|Alfred Clive Hulme|
24 January 1911|
Dunedin, New Zealand
|Died||2 September 1982
Te Puke, New Zealand
|Service/branch||New Zealand Military Forces|
|Years of service||1940–43|
|Relations||Denny Hulme (son)|
Alfred Clive Hulme VC (24 January 1911 – 2 September 1982) was a New Zealand recipient of the Victoria Cross, the highest award for gallantry in the face of the enemy that can be awarded to British and Commonwealth forces. He received the decoration for his actions during the Battle of Crete in 1941. He was also the father of champion Formula One racing driver Denny Hulme.
Alfred Clive Hulme was born in the city of Dunedin, New Zealand, to a clerk and his wife. Known as Clive, he attended Eastern Hutt School. Powerfully built, he was interested in wrestling in his youth. In 1934 he married Rona Marjorie Murcott and the couple were to have two children. In the late 30's, he worked as a farm labourer in Nelson.
Second World War
A few months after the outbreak of the Second World War, Hulme enlisted in the New Zealand Military Forces for service abroad with the 2nd New Zealand Expeditionary Force (2NZEF). He was posted to the 23rd Battalion. He was 30 years old and a sergeant in the 23rd Battalion, (The Canterbury Regiment) 5th Brigade, 2nd Division, 2NZEF during the Second World War when the actions took place during the Battle of Crete for which he was awarded the VC.
The citation from the London Gazette dated 10 October 1941 reads:
Sergeant Hulme exhibited most outstanding and inspiring qualities of leadership, initiative, skill, endurance, and most conspicuous gallantry and devotion to duty from the commencement of the heavy fighting in Crete on 20 May 1941, until he was wounded in action 28 May 1941. On ground overlooking Malene Aerodrome on 20 and 21 May he personally led parties of his men from the area held by the forward position and destroyed enemy organised parties who had established themselves out in front of our position, from which they brought heavy rifle, machine-gun and mortar fire to bear on our defensive posts. Numerous snipers in the area were dealt with by Sergeant Hulme personally; one hundred and thirty dead were counted here. On 22, 23 and 24 May, Sergeant Hulme was continuously going out alone or with one or two men and destroying enemy snipers. On 25 May, when Sergeant Hulme had rejoined his battalion, this unit counter-attacked Galatas Village. The attack was partially held up by a large party of the enemy holding the school, from which they were inflicting heavy casualties on our troops. Sergeant Hulme went forward alone, threw grenades into the school, and so disorganised the defence that the counter-attack was able to proceed successfully.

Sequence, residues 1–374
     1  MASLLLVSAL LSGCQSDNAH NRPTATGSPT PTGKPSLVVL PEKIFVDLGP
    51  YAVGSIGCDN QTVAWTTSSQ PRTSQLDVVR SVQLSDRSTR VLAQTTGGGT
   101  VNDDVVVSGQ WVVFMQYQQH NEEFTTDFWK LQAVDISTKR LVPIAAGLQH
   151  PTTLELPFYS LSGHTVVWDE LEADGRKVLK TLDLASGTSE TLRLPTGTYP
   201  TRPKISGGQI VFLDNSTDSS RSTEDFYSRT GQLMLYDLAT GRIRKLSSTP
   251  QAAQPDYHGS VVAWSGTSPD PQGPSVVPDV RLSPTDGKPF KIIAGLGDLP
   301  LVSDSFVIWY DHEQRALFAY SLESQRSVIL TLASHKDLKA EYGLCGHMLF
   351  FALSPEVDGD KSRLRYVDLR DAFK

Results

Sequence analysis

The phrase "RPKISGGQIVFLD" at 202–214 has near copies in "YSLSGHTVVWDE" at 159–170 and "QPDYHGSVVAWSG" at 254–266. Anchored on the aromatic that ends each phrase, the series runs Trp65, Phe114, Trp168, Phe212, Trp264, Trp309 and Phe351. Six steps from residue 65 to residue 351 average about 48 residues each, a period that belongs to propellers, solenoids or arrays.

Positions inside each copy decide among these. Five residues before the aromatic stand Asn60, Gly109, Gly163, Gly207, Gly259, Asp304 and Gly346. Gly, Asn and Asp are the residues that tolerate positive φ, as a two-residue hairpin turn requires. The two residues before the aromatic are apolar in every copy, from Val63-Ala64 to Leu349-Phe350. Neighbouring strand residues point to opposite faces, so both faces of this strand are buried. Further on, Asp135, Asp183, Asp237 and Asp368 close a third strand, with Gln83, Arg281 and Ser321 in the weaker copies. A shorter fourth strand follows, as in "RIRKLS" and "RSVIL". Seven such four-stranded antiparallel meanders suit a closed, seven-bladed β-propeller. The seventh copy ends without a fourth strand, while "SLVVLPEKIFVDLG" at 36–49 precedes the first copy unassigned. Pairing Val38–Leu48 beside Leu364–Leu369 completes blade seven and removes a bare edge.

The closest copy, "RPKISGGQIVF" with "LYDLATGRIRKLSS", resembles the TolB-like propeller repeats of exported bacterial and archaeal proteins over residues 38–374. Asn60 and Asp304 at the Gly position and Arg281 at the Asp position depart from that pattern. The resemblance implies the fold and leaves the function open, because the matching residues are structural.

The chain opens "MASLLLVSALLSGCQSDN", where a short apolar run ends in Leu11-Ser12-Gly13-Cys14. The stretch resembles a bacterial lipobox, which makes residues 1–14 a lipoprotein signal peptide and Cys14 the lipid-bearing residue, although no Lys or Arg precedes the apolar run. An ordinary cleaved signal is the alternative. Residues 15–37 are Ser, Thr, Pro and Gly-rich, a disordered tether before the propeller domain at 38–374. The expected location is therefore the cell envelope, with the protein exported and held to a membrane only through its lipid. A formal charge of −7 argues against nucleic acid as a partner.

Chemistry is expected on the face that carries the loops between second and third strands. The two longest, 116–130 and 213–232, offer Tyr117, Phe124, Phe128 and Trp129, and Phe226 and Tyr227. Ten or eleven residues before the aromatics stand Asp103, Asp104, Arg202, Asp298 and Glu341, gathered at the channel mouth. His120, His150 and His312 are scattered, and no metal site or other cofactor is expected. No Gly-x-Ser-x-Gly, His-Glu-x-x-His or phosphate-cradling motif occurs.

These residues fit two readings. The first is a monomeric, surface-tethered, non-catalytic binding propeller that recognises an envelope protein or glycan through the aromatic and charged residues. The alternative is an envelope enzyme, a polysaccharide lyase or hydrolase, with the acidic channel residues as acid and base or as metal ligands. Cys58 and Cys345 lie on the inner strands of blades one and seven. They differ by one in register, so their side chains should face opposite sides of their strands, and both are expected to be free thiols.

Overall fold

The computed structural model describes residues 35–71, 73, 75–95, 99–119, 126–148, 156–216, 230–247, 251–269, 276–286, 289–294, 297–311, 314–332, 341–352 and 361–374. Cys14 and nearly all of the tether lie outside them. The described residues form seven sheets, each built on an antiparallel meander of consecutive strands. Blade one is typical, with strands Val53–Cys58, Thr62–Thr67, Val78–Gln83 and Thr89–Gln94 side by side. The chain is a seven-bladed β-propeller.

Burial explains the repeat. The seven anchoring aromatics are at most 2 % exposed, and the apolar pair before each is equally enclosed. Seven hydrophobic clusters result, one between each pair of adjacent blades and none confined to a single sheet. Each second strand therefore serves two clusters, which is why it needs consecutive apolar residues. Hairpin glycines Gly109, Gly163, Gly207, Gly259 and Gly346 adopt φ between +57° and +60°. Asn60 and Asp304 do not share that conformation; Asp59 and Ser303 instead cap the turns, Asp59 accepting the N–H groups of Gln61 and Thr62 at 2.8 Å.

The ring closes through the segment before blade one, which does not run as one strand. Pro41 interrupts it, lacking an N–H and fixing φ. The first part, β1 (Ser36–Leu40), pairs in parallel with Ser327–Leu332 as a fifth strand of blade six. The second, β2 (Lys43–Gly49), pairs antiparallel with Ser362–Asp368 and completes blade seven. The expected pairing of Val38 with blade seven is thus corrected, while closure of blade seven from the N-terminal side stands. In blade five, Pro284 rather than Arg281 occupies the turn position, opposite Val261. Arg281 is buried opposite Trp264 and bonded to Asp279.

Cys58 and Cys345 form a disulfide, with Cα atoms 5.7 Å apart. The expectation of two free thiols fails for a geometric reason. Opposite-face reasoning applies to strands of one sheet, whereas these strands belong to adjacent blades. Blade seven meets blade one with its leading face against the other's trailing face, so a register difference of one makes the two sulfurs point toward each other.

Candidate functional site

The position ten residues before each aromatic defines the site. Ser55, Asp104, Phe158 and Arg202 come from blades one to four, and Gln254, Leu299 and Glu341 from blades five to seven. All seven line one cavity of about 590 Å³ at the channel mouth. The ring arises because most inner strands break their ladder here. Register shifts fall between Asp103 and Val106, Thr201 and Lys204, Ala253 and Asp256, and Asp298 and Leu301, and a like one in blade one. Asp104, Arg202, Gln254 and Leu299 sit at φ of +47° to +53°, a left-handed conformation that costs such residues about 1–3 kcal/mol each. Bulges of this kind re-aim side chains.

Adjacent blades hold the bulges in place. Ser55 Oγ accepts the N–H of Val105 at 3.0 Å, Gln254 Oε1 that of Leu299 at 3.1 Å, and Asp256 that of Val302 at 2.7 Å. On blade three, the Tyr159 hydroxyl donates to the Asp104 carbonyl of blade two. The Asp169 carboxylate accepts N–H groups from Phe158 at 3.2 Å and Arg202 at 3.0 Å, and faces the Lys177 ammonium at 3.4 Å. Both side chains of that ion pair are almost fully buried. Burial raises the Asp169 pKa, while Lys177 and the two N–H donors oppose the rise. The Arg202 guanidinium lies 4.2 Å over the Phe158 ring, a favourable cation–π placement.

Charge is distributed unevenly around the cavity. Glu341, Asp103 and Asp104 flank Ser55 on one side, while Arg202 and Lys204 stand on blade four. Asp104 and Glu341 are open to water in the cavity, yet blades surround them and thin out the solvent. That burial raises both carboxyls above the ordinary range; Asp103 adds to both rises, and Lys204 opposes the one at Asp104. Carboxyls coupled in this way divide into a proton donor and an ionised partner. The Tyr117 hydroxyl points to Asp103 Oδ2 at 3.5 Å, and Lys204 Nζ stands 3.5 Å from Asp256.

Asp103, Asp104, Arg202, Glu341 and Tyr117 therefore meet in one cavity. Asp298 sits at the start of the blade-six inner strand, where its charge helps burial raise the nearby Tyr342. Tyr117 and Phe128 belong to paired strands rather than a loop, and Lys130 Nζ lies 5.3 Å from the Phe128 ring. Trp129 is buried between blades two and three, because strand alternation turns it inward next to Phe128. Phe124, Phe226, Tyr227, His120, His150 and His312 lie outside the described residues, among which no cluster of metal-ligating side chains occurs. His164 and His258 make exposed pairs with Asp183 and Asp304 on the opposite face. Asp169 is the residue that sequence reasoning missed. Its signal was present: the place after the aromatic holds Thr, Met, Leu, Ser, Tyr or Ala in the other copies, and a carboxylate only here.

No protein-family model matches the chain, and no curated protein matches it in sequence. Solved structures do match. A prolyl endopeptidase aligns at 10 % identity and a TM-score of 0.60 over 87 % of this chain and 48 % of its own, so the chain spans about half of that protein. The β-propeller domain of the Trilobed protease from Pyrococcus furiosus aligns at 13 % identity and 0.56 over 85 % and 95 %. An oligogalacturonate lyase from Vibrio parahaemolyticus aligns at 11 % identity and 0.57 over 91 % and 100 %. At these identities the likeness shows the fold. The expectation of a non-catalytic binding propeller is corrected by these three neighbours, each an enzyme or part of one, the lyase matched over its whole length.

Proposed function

On Tuesday, 27 May, when our troops were holding a defensive line in Suda Bay during the final retirement, five enemy snipers had worked into position on the hillside overlooking the flank of the battalion line. Sergeant Hulme volunteered to deal with the situation and stalked and killed the snipers in turn. He continued similar work successfully through the day.On 28 May at Stylos, when an enemy heavy mortar was bombing a very important ridge held by the battalion rearguard troops, inflicting severe casualties, Sergeant Hulme, on his own initiative, penetrated the enemy lines, killed the mortar crew of four, put the mortar out of action, and thus very materially assisted the withdrawal of the main body through Stylos. From the enemy mortar position he then worked onto the left flank and killed three snipers who were causing concern to the rearguard. This made his score of enemy snipers thirty three stalked and shot. Shortly afterwards Sergeant Hulme was severely wounded in the shoulder while stalking another sniper. When ordered to the rear, in spite of his wound, he directed traffic under fire and organised stragglers of various units into section groups.—The London Gazette, No. 35306, 10 October 1941.
His brother Harold Charles ("Blondie") Hulme, was killed while also fighting in Crete. Hulme's use of an acquired German parachutists' smock during some of his stalking has occasionally been criticised.
The wounds Hulme received on Crete saw him evacuated to New Zealand for treatment and rehabilitation. He was declared medically unfit in February 1942 and discharged from the 2NZEF. However, three months later he was recalled to active duty. He served on the Home Front until September 1943 at which time he was discharged again from the New Zealand Military Forces, having been promoted to warrant officer.
After the war he lived at Pongakawa, near Te Puke, running a cartage company and involved with water divining and oil prospecting. His son Denny Hulme won the Formula One World Drivers' Championship in 1967.
Hulme died at Te Puke on 2 September 1982, and was buried in the civilian section of the Dudley-Vercoe Cemetery in the town.
Hulme's VC was displayed at the QEII Army Memorial Museum, Waiouru, New Zealand. On 2 December 2007 it was one of nine Victoria Crosses that were among a hundred medals stolen from the museum. On 16 February 2008, New Zealand Police announced all the medals had been recovered as a result of a NZ$300,000 reward offered by Michael Ashcroft and Tom Sturgess.
- Taylor, Richard J. "Hulme, Alfred Clive 1911–1982". Dictionary of New Zealand Biography. Ministry for Culture and Heritage. Retrieved 17 February 2015.
- The London Gazette: . 10 October 1941. Retrieved 17 February 2015.
- "23 Battalion, Battle of Crete, www.nzetc.org
- "Fury over attack on father's war service", Bay Of Plenty Times
- Derek Cheng (December 2007). "Army medal theft 'insult' to our nation's heritage". nzherald. Retrieved 2 December 2007.
- NZPA (February 2008). "Medals stolen from Waiouru Army Museum recovered". nzherald. Retrieved 22 May 2012.